Does New Army Helmet Hurt More than Help?

Military personnel require the right type of headgear to protect themselves from injury. The risk of receiving a head injury is increased in an environment where explosions or stray bullets are commonplace. Loud noises can often lead to traumatic brain injuries and some experts agree that the shockwaves generated from explosions can damage the brain. Military personnel must have access to helmets that are practical but also tough enough to withstand any damage. Many military helmet designs have achieved this goal to a greater or lesser degree, but a new form of military helmet is causing some debate as to whether it damages the brain more than protects it.

New Helmet Design Raises Concerns

A new kind of helmet has been developed by the Naval Research Laboratory after the process of testing a wide array of designs. Researchers chose a helmet called the conformal integrated protective headgear system, which covers the face of the wearer.

However, the researchers encountered a problem. They tested each configuration, such as just the helmet or with the visor attached, and found the helmet could not protect the jaw and face without injuring other parts of the head in the process. For example, when they tested with a forward facing blast against the helmet with the jaw protector attached, they found that the strength of the impact was transferred to the forehead while minimal damage was done to the jaw. The damage done to the forehead while wearing a jaw protector was almost double that when not covering the jaw.

Scientists focused on the suspension geometry, or the space between the helmet and the head, and found that shockwaves tend to impact this area as there is space in which they can move. This means that the jaw protector could ‘trap’ the waves and combine them with the incident waves to create a stronger force against the forehead.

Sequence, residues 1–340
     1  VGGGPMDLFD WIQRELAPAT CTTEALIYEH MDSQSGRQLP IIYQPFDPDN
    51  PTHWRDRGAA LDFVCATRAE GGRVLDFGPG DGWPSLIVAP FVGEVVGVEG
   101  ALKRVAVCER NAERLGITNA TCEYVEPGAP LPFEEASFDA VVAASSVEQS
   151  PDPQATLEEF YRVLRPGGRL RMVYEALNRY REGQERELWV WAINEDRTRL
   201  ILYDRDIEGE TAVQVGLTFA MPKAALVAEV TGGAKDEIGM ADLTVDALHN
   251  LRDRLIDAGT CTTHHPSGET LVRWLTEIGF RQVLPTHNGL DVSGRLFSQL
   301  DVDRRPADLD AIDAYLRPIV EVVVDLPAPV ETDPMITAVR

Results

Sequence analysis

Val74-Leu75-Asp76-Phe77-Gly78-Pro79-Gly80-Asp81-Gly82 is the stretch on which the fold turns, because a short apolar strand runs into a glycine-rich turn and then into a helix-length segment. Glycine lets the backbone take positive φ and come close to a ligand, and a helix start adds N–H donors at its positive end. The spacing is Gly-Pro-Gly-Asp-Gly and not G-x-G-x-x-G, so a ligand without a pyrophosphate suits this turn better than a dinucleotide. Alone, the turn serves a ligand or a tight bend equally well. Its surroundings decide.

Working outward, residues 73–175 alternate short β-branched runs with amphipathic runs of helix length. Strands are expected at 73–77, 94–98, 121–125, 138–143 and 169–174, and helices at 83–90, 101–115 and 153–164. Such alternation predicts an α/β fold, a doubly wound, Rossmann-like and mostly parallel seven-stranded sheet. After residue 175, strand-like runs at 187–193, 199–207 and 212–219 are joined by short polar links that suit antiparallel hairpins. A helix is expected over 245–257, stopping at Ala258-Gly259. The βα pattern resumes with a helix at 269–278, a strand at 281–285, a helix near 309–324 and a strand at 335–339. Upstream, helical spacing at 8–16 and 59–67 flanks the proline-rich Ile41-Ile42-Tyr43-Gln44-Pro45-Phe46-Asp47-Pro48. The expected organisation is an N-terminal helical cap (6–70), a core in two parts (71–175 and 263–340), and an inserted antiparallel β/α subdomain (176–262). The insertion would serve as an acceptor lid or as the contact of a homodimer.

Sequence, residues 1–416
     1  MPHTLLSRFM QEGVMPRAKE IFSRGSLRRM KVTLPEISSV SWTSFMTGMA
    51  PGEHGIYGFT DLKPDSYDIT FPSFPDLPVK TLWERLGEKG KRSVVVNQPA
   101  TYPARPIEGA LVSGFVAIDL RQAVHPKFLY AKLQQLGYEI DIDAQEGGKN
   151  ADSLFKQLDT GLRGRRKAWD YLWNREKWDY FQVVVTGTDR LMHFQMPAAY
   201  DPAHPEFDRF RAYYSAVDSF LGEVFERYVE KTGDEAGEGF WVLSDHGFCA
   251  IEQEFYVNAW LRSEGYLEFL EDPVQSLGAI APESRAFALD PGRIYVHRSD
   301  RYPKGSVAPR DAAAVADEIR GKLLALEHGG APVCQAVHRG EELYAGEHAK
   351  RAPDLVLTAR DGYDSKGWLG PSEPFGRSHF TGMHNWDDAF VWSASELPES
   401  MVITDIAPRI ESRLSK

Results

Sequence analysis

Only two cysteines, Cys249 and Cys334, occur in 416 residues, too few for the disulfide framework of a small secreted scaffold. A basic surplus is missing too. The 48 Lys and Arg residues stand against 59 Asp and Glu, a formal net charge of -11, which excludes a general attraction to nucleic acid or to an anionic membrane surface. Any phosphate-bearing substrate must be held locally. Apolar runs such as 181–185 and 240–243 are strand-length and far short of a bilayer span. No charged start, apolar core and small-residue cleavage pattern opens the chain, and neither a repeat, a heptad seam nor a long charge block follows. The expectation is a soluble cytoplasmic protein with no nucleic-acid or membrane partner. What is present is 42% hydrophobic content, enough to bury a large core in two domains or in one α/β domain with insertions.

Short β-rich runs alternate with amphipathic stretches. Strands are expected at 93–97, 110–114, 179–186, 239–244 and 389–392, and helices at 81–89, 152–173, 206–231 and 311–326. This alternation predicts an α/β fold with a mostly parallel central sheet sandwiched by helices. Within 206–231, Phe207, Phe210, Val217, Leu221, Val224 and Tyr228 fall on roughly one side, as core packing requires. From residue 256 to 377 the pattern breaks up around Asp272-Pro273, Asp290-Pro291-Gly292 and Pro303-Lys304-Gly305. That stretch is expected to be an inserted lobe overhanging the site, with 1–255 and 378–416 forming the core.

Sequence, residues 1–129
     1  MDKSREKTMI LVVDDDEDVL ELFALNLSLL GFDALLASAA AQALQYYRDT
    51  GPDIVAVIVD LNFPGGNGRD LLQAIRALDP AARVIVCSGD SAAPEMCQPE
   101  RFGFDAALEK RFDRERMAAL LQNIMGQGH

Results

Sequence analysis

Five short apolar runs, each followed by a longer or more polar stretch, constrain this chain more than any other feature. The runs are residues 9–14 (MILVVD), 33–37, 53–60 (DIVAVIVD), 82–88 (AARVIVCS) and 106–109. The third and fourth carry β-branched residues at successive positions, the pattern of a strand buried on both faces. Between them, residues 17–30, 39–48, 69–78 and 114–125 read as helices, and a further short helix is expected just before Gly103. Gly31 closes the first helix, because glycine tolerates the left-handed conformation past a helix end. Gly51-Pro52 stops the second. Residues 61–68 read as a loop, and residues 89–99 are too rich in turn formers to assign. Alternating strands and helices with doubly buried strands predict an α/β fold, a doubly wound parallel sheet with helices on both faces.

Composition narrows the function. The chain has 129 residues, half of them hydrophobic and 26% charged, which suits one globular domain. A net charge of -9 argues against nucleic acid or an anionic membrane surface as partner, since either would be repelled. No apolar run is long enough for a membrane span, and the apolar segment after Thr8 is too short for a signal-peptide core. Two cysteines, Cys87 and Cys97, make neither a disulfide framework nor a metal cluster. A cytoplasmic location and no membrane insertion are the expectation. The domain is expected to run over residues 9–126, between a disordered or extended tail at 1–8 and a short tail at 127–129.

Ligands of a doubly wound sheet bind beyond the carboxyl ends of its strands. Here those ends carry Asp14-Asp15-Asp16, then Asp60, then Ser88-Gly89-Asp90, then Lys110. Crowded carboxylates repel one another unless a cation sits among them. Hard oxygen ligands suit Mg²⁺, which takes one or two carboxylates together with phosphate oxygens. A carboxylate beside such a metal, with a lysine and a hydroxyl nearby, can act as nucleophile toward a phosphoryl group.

“In some cases, waves trapped by the geometry produced increased pressure when reduced pressure was expected,” the researchers concluded. “Specific injury mechanisms and prediction of injury severity … remain elusive.”

The design is still an early prototype and researchers are looking into ways to increase the reliability of the results. They recommend putting the test dummies into realistic poses, as they were tested in stiff positions, adding combat gear and improving the torso of the dummy to create a more realistic body to see how shockwaves are absorbed.

Head Injuries Often Lead To Lifelong Effects

Preventing head injuries, whether for military personnel, football players or passengers in cars, is an important part of engineering research for products. Head injuries often lead to lifelong impairment in both physical and mental capabilities. While military personnel are at high risk, many head injuries occur during routine car accidents or slip-and-falls.

If you have ever suffered a head injury, it is important to protect your rights and seek compensation for your medical bills and other costs. Contact Barber and Associates, LLC for more details on how you may be able to recover compensation for your head injury.

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